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August 5, 1938     The Jewish Transcript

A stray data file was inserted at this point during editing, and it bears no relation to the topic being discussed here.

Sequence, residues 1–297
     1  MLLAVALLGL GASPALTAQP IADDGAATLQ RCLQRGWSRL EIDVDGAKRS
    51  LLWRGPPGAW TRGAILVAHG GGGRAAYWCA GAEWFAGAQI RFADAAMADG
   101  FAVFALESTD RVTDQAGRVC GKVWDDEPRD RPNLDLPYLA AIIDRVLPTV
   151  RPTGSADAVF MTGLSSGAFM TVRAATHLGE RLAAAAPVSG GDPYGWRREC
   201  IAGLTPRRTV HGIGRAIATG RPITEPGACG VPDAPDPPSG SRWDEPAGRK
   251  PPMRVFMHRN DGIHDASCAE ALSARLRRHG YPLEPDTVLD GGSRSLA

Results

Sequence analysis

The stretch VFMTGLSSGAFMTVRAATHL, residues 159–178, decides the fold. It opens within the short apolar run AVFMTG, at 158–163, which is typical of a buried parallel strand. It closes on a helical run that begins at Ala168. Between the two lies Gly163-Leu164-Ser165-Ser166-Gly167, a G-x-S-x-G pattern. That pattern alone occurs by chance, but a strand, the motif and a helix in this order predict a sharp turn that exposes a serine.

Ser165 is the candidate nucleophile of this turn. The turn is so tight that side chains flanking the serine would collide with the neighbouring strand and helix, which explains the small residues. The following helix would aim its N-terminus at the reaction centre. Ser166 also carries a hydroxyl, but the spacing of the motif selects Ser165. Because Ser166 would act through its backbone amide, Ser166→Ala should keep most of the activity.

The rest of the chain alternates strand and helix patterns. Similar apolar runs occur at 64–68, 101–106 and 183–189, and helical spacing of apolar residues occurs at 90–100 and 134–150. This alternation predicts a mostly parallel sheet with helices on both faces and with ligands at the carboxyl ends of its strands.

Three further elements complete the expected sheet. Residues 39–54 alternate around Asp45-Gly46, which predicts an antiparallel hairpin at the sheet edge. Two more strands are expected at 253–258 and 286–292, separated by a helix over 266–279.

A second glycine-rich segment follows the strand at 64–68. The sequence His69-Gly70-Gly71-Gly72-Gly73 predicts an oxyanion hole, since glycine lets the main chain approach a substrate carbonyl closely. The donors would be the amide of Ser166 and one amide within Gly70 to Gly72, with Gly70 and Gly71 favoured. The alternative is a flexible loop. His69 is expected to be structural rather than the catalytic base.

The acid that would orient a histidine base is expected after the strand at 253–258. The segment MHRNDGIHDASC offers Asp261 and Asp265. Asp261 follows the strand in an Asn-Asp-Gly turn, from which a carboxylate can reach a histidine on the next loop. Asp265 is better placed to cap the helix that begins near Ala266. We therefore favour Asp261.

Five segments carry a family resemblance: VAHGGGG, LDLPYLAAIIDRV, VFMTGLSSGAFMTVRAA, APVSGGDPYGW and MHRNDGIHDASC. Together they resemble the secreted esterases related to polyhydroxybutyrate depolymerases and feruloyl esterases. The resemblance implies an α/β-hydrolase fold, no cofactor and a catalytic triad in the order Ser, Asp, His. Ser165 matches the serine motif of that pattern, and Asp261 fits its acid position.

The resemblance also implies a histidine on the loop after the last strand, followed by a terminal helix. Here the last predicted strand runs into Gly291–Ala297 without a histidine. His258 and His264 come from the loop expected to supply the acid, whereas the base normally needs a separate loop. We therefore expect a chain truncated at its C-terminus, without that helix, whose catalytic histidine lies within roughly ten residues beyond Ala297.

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PAGe. TWO THE JEWISH TRANSCRIPT, SEATTLE AUGUST 5,&apos;i GUST Thought Of The Week "Prince Bertil of Sweden was a guest of honor, representing his father, at a city celebration in New York a few days ago. We were on the Mayor's Committee welcoming him. Then, a few nights ago, we attended a program of Russian, Polish, Chinese, Spanish and Negro folk-dances at the Lewisohn Stadium at City College. No proof is ever needed of the great ethnic variety of these United States, but even the greatest doubter would have found stimulus in the colorful pageantry of the folk-steps of these racial groups. Moreover, America is clearly enriched by the contributions of its many 'nationalities,' the Jewish included. We are saved from that cultural monotony which means 'Gleichschaltung' of the spirit. All power to Prince Bertil and his compatriots who bring home this lesson anew to us." --RABBI LOUIS I. NEWMAN, New York Reform leader. Se fi i e8 r3 Ii FI, ealey, nnli- tyled Am raced to 30 ( being con tier ill the ce Cecil (h a.ley's a(Iju lvec five t The 00ewish Transtript Combined with THE JEWISH CHRONICLE A Weekly Newspaper for the Jewish People of the Pacific Northwest 1616 8th Avenue, Seattle Phone MAin 2715 HERMAN A. HOROWITZ ........................ Editor and Publisher NATHA KREMS ....................................... Associate Editor SxvNmr W. WEBn.R .................................. Business Manager OFFICIal, PHOTOOnAPHER ......... Walters Studio, 4th and Pike Building A weekly paper devoted to the interests of the Jewish people el Washington, Idaho, Montana, British Columbia and Alaska. Entered as second class matter September 5, 1924, at the Post Office at Seattle, Washington, under the Act of March 3, 1879. Single Copies, 5 Cents. $2.00 per Year -9-38 VOL. XV. Friday, Aug. 5, 1938 No. 23 THE WRONG SIDE EITHER major political party in this country has ever pub- licly been identified with any movement or individual advocating a policy of racial and religious hatred. True, both parties in the past quietly have taken advantage of racial prejudice in various localities for political advantage, but na- tionally the responsible spokesmen for Democratic and Repub- lican Parties have always repudiated such prejudice. It is therefore only natural that John Hamilton, chairman of the Republican National Committee, should have made known his views concerning the political situation in his native Kansas, where the Rev. Gerald B. Winrod, an avowed anti-Semite, has been crusading not only against Jews, but against Catholics, Free Masons and certain Protestants in his campa;gn to win the Republican Senatorial nomination Most political observers were of the opinion that Winrod had a better than even chance of w inning over his two opponents. And in the event he won the nomination, Kansas Repub- licans would be faced with the choice of repudiating their own partyTnominee or finding themselves accused of advocating the candidacy of one committed to opposition of everything for which the nation and the Republican Party stand. Under the circumstance, Mr. Hamilton had no other alter- native than to warn the Republicans of Kansas against Winrod. This he did in no unmistakable terms in the form of a letter to -a Kansas voter. Mr. Hamilton, who fought the Ku Klux Klan in Kansas in 1924 and 1928, not only denounced Winrod's views as "intoler- ant," but declared that Kansas voters "cannot avoid the issue" of this intolerance "whether they will or not." He therefore warned the Kansas G. O. P. that "if Mr. Win- rod is nominated for the United States Senate, it (intolerance) will again be injected into the national campaign and our party in Kansas will be on the wrong side of a vital issue and opposed to our party policy in other states. "We have all been shocked by the manifestations of in- tolerance growing up in the world elsewhere and we should be more than shocked at its appearance on our very doorstep and therefore doubly vigilant. "For that reason I am quite willing that my views should be made known upon this question, as should the views of all the leaders of our party. "Should I have the opportunity of voting on August 2, as a Republican acting in the interests of my party and my countxy, I certainly would not vote for any one who has dedicated himself to a course of intolerance such as has Mr. Winrod. "If the reasons which I have given above for not voting for Mr. Winrod, which are all-sufficient as far as I am concerned, do not appeal to others in Kansas, may I ask them to consider the possible disastrous effects which his nomination would have upon the entire state and local Republican tickets in November." Those are plain words. The Republican Party has no desire to be daubed with the brush of anti-Semitism or anti-Catholicism. The nomination of Winrod would have been just as serious a blow to the G. O. P. as it would be a victory for the forces of bigotry. The statement of Mr. Hamilton shows that the Republican Party is aware of its responsibility. CATHOLICS AGAINST ANTI-SEMITISM MERICAN JEWRY should be considerably heartened by the recent efforts of responsible Catholics and Catholic organs to warn their co-religionists against the virus of anti- Semitism. Look at the denunciation of anti-Semitism by the official Catholic organ, Osservatore Romano; the vigorous pastoral letter issued by Archbishop McNicholas of Cincinnati condemning persecution of Jews, and the splendid editorial in The New World, official organ of the Archdiocese of Chicago, calling upon Catholics not to sully their Christianity by being anti-Semitic. Look also at the address by Monsignor John A. Ryan of the National Catholic Welfare Council before the B'nai B'rith in Duluth in which this distinguished Catholic leader blasted Nazi race theories and told his hearers that the authorized teach- ers of the Catholic Church do not indulge in anti-Semitism. And then there is the important educational project under- taken by the Queens Work of St. Louis in publishing and dis- tributing widely among Catholics a pamp hlet by Father Joseph N. Moody entitled "Why Are Jews Persecuted?", which ans- wers many false charges against the Jews, including the false charge that Jews have communistic a nd radical leanings. Catholic leadership is to be highly commended for this con- tribution to sanity and good will. American Catholics have not forgotten the bigotry cam- paigns directed against them in the past, and they are likely to feel most keenly the danger and injustice of race and religious hatred of any kind. JEWISH CALENDAR 5698 - 1938 Fast of Ab .............. Sat., Aug. 7 Rosh ttodcsh, Ellul .... Sun., Aug. 28 5699 - 1938 Rosh Hashonah, I st day.Men., Supt. 26 RoshHashonah,2ndday.Tucs.,Sept.27 Fast of Gedaliah ...... Wed., Supt. 28 Yore Kippur ............  ed., Oct. o Succoth, 1st day ....... Men., Oct. 10 Succoth, 2nd day ..... Tues., Oct. 11 ltosha'ana Rabba ...... Sun., Oct. 16 Shemini Atserct ....... Men., Oct. 17 Simchas Torah ........ Tues., Oct. 18 Marchesvan ........... Wed., Oct. 26 Kislcv .............. Thurs., Nov. 24 Chanukah ............. Sun., Dec. 18 Tebeth ................. Fri., Dec. 23 Fast of Tebeth .......... Sun., Jan. 1 Who Shall Be Our " Leader000000 t ,v cling held 15, when dent Roos By PROFESSOR MORRIS R COHEN OST PEOPLE, and especially practical men of affairs, are apt to be skeptical about research. The latter, of course, recognize its necessity in their own business, but when you speak about securing accurate information in regard to Jewish matters, they say: "What are you going to do with it when you get it?" To this, of course, there are many reasonable answers. The most obvious one is that all improvements in medicine and technology, such beneficent discoveries as wireless communication and others which have relieved human sufferings and have helped to make civilized life possible, have been the result of detached and purely theoretic studies; and there is no reason why the per- sistent pursuit of truth should not be ultimately helpful in deal- ing with our social difficulties. We need not overstate the case. We may well admit that many re- searches in astronomy, physics and pathology have as yet borne no practical fruit in the sense that they have not resulted in any increase of mechanical pro- duct or decreased the cost of production. Nevertheless such studies are of vital importance and no peo- ple can be called fully civilized that make no provisions for them. In the first place, it is certain that if we do not make provisions for such study we shall be walk- Professor Morris R. Cohen ing in darkness and our opinions will be baseless guesses. It is quite clear, for instance, that many of the proposed remedies for Jewish problems are based on impressions that have no foundation in fact. We perhaps suffer more from false remedies than from natural disease. It is common sense to recognize that without reliable information we cannot have any safe policy in regard to our difficulties. This does not mean that research can guarantee any solution. It may be that the basic Jewish problem, like other human problems of life and death, has no definite solution, and the best we can achieve is to minimize the amount of distress. This is often as much help as medicine or any other human agency can provide. It is certainly the lesson of ancient wisdom not to knock our frail heads against the hard rocks of a world that was not created entirely for our convenience and over which we have but limited con- trol. But in any case we ought, as intelligent men and women, to have the courage to face life and try to understand it. Research as an aid to understanding has a value in itself and needs no justification, except the ancient insight that where there is no vision the people perish. * * * * * $ * * We Jews of this country suffer from insufficient respect for knowl- edge and understanding as values in themselves. This is a defect which we have recently acquired. For 2,000 years, PLAIN TALK (Continued from Page 1) circumstance that sets l)raetieally in- superable obstacles ill tile way of coming to ' decision. Oh, what tmrdens are on u Jew! Even when hc thinks of getting mar- ried he is required to consider the future of thc Jewish people and of the synagogue that stands 'Lround the corner. He dare not fall in love where he pleases but must consider solemnly tile matter of his great grandson: Shall the boy's sl)iritual destiny bc in a church or shall he be .L Jew dedi- cated to support the mortgage that lies so heavily on A(latll lsr'ml Con- gregation? Other people are allowed to fall ill love in accordance with the wl,isper- !ngs of their ardent hearts. Let us eonsidcr the case of ()le ()l- son the Swede and Abe Levy both in love with Mollie McGuirc who from the beauty of her countenance gives out dazzling flashes of a fine inlcl- ligence. Ole, looldng at Mollie, suffers ollly the delicious p%llgS of ]OVC. If he h,qs HELPING STRANGERS In the middle ages hoslfilality for poor Jewish travellers bee.ram 't necessary hrRllch of C(llnlnllllRl or- g'tnizati(m. The l)oor wayfarers were divided Ul} nmong the various house- hohls ,f the town. After the Cru- sades hospitality t)ee'une a necessity for many Jewish (:emmunities hnd been ruined, others re{lueed t<l beg- gary and it good many seho(lls were thus forced to close. A class of travelling m(mdicants and a class ,f poor ilinerant students grew Ul I, but the medicval Jew never lost sight of the principle that the table wqs the, altar and the meals provided for the poor were the best offerings to God. any doul)ts at all they have to do only with the question, "Am I really deserving of a gM so divine (she is really next to the angels) as Mollie McGuire?" Olc's rapt eyes, looking into the' future, do IlOt contcml)late any men- ace to the destiny of the Scandinav- ian race in his marriage to Mollie McGuire. What does it matter to Ole that they nmy have tcn children all of whom may turn ()lit to be more like Irishmen? Ills eager vision sees only 't vista of hal)Illness whieh he is sure will carry him and Mollic .all the way to tile gol@n wedding. Not so Abe. lie looks at Mollie: "Oh, her eyes 'm; like lights from the stars and her face is a reflection of sunrise and her soul is nothing less than God llimself. "With her I shall bc hapl)y 120 ye'trs and cve,l after thai, our h'q)l)i- hess shall continuc amid the intcr- stella,' Sl)aees where p.mt(tise lies." But ill a moment Abe falls <)tit of his rhal)sody and his halllliness gets devoured Iiy ethnic, religious and social ln'obhms, lle sca,'cely dares think of his own hal)illness at all. Oh, he thinks, wh.tt will my mar- rying Mollie McGuire mean to the (h;st.iny of the ,lewisll l)e(ll)h!? llis father long ago warned Mm thal; an interna'u'rying Jew was like t Illllll who Ilulled the (,,ornerst(ine frmn the fmmdati(m (if the house of Israel. Abe feels as if the whole= house of Israel were on his haole as he wends h(nnewnrd fr(nn his evening wit.h Mollie. It will (.,rasll if he but kneels to Mollie to llrOl)(ise to her. "lh,l isn't my (,wn happiness first of all?" he nsks rebelliously. "Must I carry the Jewish people? Is it my business to llrescrve the Jewish race the Jews have admired scholarship and have looked up to the 1 Chocham as a leader in the community. But, in this country, which has relatively recently been coi from nature, and where people have had to build anew the P basis of civilized life, it has been practical man who has bee admired. The result is that the scholar, the contemplative person, regarded as a nut (I think that is the official name). I remember a professor of my college--to be sure, a prof, military training, but I think he was typical of American instrU addressing the student body one day and saying: "If you wa! a he-man, go in for football ; if you want to be a nut like Einstei to the books." ,. Practically, this means that in American national life schG not accorded a very high place. We do not even trust them to r educational institutions, but usually put men of property on preme governing boards. Some of you may remember the astonishment when Wl college professor, was proposed for the presidency of the coun Recently there has been a great recognition of the need of s! in government and a natural reaction against "brain trusters." But it is well to remember that those called to fill promi{ sitions, and this includes our college and university preside not our foremost scholars, but rather men of executive or a trative ability. I am not saying this by way of complaint. There is nothing that the true scholar, scientist or artist more than to be allowed to do his own work in peace and quiet; But I wish to note that we Jews in imitation of Americ$ have gone much farther and have made no room at all for the J in our communal affairs, leaving the communal will to be deter entirely by gifted orators, journalists, or men of affairs whoS anthropies give them deserved distinction. I do not doubt that many of these leaders are possessed of deal of shrewd wisdom. But a man may be a persuasive orator or well informed a in business affairs and yet not have the requisite insight into that require long historical and other study. Moreover, while we cannot ignore the lessons of experienc men of affairs accumulate, it is not good to be guided in pra ti fairs entirely by practical people For the man who has his nose to the grindstone in the place cannot usually see far enough. We need also other worldly people who look ahead and are enmeshed in the immediate situation. This historically has  and (lecht ! on Wash aze the l"e s state, (un s througlm stimony ml Shed tl;al t event a riol, resented t dent. e Prosecuti tant City Vln. j. i'rl ttorney. ey l)roduc( Nazi tyll(, ' 1 Ilealey h: .tie W'ts "u' 'ker urging his testim to the cha oat of l emitie spe tro. aley previo In ew ;(L Iired l)y I ashkir t Whose lov )tSalt too ration I>ictc i t'' Will ha let at Men !er l?rank tg Jewish tie film, lit. role of the rabbi. ; th " But today the Jewish people are divided with regard to r! o= eOmpl( el as ,, and we cannot all accept the rabbL who may be very good for r -d: ' Aff comfort, as an authority on the crucial social, political and e0 reeted b problems which face us. .. me to' physicists or economists carry on research and publish the rst their studies, subject to the criticism of those familiar with tl and competent to pass judgment. No people, it seems to me, can have genuine self-respect if  afraid to look at the facts of their actual situation 4 I 4 By ALFRED SEGAL and to bring up generations to SUl)- Abe Levy to tile heart as he I l)ort our synagogue?" The more he thinks .tbout it the more imI)ious he gets. Then the ancestral ghost speaks to lfim: "Abe our son! That you should spe'd that way? Yes, if you marry Mollie McGuire wire will keel) holy the synagogue and who will guard the Torah and who will say kaddish?" "But my hal)pincss doesn't that count for anything? Shouhl I give up my happiness for the Jewish destiny?" "Abe our SOIl!" An{l wh'tt will the community say if he marries Mollie McGuire? lie will be called a deserter 'm(1 a traitor wh(i severs the line of Israel. lie will be all unlmried dead lnan ill Israel. "Yet my own happiness " Thus Aim swings I)etween love and the summonings of Jewish desti'w. But Ole feels no responsibility at all for the future (if the Seamlinavi,u, r'tec. If he thinks of racial origins ill the least it is to consider that an h'ish girl and a Swede ought to make a hal)py mixture. "We're all people," s.tys Ole, "and what> the hell's the diffel'cnee." (lie proposes to Mollie and she tskes him and they live together forever afterward as h'tpllily as it is p(msible for married people to live. They give lfirth 1,o ten chihh'en of whon nine hlok h'ish, but Olc is satisfied enough t)ecause the lnst one, Genevieve, looks Sea,ldi,mvian. This coml)letes the con|entment he derives from seeing that all the <lthers h.vc the twinlding h'ish eyes (if Mollie. * * $ 1 (as I consider this lU'P (Isal to mar,'y E.T.D.'s daughter) am "ff- flictcd by thc same distress that stabs Q O00ng TIOKE 'I'o Mollie McGuire. _ I might bc enjoying the la C of courtship, what with thcse!l days being so lovely and tho|_ , k, s !' eSlden l)erfect under starlit s 'c 1 Instead I brood" "What ,,. q[O come of the Jewish people f  her? Is it not my business totl.Sl,  carrying the house of Israclt]ll --'" I might bc canoeing witb.lrersoi 1 the sparkling river where cV ping wavelet would laugh ! Dcial enchanted hearts, la t --" on in the Isa'tc M. Wise Ter0 who of his generation will tale work of contributing to the against anti-Semitism?" I, Ip My rapt heart i)rotcsts: '' al)surdityI This contlict 1)etS son.d hal)piness and a pcoP?J S tiny! What othcr peol)lc, e# Gernnum, take racial dcStl I l*ranc seriously?" . 8MIT But this is only the Mai speaking impiously; ccrtal not the safe, well-( that a Jewish writer is give out. N(l! I shall not marry daughter if for no other th'tt my wife won't let me. (Copyright, 1938). HOW GHETTO Many exl)lanations have fered as to the deriwltion Ghetto. The term is first sl)eaki,g of the Jewish lt'dian cities. One ex th'tt the word (speAlcd Italian Jews) was derived Hebrew word GET, 'bill of the ide. of exclusion or thereby being expressed. exl)humtion traces the Venice where a separate ter existcd in 1516.